Having said that, we get a very deep look at the issues between Hogan and Warrior (minus the comments Warrior once made about Hogan's ex-wife). You even see footage of lawyers taking a deposition of Hogan, where The Hulkster has to defend comments he made in the first DVD!
Come the eve of the 2014 Hall of Fame (and it seems very strange talking in a historical context about something that happened a few weeks ago), Triple H asked Hogan not to even talk to Warrior until after the HOF was over so as not to bring up bad blood. But a day later, backstage at Mania, Hogan felt compelled (no doubt motivated by a camera that was documenting the whole exchange) to make peace with The Warrior.
Regardless of whether the moment was staged or spontaneous, Hogan apologies to his former rival, even going so far as to say he loves him and how proud of him he is. It makes for a nice moment, and while we'll never know whether Warrior truly got closure from the brief moment, it certainly appeared that way.
That wasn't even the most touching reunion of the show! Warrior's strained relationship with Vince is explained in detail, mostly a copy of what went down in Self-Destruction but with Warrior balancing out the story this time. So during the stage rehearsal for the HOF, Warrior meets up with Vince for the first time since the bad blood began. It's awkward but passable conversation (and again, it's quite obvious that the cameras are capturing every word that's spoken between the two).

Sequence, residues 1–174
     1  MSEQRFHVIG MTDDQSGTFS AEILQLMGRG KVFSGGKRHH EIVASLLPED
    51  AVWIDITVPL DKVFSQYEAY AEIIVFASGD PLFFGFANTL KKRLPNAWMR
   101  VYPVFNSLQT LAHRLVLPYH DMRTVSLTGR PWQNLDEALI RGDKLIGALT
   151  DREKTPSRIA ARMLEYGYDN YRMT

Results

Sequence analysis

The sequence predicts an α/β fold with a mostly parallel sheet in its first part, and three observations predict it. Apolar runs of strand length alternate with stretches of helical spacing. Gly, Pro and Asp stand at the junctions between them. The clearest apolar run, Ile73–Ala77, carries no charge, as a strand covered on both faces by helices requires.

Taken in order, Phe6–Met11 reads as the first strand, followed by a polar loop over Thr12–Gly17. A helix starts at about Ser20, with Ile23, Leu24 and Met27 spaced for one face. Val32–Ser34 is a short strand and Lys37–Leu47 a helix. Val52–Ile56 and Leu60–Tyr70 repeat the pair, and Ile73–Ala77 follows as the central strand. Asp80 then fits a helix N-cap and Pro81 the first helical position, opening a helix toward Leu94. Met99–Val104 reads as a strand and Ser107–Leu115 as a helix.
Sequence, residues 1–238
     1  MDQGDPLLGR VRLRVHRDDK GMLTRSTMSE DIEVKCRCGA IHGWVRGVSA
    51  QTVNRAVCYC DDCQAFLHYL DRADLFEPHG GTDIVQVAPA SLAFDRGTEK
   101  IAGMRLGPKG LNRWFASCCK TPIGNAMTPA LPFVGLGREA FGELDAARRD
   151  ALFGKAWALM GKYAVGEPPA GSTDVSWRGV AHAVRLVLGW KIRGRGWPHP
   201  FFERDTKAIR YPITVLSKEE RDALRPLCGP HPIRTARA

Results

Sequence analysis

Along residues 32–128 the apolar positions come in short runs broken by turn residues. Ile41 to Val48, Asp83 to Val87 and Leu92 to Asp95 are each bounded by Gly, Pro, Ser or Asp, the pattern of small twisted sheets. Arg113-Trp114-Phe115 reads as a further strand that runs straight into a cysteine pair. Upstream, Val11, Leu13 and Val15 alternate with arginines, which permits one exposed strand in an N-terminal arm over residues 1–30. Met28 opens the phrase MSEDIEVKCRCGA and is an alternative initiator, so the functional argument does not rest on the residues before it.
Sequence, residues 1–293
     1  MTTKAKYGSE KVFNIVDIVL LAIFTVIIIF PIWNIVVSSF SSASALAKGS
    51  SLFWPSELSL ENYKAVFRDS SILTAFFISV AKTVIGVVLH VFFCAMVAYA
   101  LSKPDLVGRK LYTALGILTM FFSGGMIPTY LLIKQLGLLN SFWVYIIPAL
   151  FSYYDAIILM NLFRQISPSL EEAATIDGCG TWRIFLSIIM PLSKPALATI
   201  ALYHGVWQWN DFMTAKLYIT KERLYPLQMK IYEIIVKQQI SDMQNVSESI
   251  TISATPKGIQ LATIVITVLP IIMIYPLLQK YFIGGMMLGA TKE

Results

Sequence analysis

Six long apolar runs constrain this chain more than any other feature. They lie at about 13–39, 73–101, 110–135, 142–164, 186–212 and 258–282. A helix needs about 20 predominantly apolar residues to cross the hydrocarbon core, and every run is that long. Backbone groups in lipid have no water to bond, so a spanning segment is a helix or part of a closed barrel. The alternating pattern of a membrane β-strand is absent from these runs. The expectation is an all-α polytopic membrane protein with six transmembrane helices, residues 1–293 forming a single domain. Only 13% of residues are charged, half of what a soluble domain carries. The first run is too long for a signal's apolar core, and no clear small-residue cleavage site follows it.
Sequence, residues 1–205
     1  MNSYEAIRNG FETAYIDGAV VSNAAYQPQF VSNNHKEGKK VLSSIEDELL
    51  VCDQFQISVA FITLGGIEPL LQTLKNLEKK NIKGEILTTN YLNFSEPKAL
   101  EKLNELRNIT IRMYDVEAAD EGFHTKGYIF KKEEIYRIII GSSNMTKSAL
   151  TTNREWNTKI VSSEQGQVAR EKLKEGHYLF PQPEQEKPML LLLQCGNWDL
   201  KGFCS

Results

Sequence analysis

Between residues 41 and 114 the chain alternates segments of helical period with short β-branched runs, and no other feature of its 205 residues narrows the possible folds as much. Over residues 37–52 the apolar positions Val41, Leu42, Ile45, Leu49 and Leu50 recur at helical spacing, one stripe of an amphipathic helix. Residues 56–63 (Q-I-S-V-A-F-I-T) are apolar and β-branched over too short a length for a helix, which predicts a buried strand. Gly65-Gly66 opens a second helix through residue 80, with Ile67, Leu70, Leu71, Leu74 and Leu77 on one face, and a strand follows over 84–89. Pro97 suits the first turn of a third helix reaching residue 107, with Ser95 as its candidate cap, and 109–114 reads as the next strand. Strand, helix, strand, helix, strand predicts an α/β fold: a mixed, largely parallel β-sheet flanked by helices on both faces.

But by the time of the HOF ceremony itself, Warrior gives Vince a present - a inscribed copy of "The Little Engine That Could", which apparently holds a deep meaning in their past relationship (semi-related, Sgt. Slaughter stops by backstage and gives Warrior a gift-wrapped potato; can't imagine what that would signify). Vince is seen beaming at the gift, and even reading the inscription, and you get the sense that their relationship has immediately improved.
The night after on Raw, Warrior meets up with Vince again and the two share a hug (the one captured on Twitter by Stephanie). Vince then recalls that it might be the last time Warrior was ever photographed with someone and immediately begins tearing up.
Now, many people consider Vince McMahon the second coming of Satan, and I'm sure there are stories to back that up, too. But even giventheir past history, it's hard to believe that the raw emotion he showed here (as did others, for that matter) is anything but genuine.
Add to that the closing moments of the documentary - following Warrior's "obituary" promo on Raw that has to be one of the most timely events -- not just in wrestling, but in all of celebrity -- you have Warrior's two daughters interviewed backstage, explaining not only how important this weekend was to their father, but how important their father is to them. As Warrior exits the arena and prepares to go in the car to the airport, you find yourself saddened, almost warning him of what would happen not even 24 hours later.
And this is really the interesting paradox of this DVD. Did Warrior get along with everyone in wrestling? Absolutely not, and more perhaps than others in the business, he certainly rubbed people the wrong way at times. But at the end of the day, he was a very good person to his family, a great attraction, a wrestler who was very good for business..... and in death, he's remembered more for the good than the bad.
That's probably the direction that Self-Destruction should have gone in.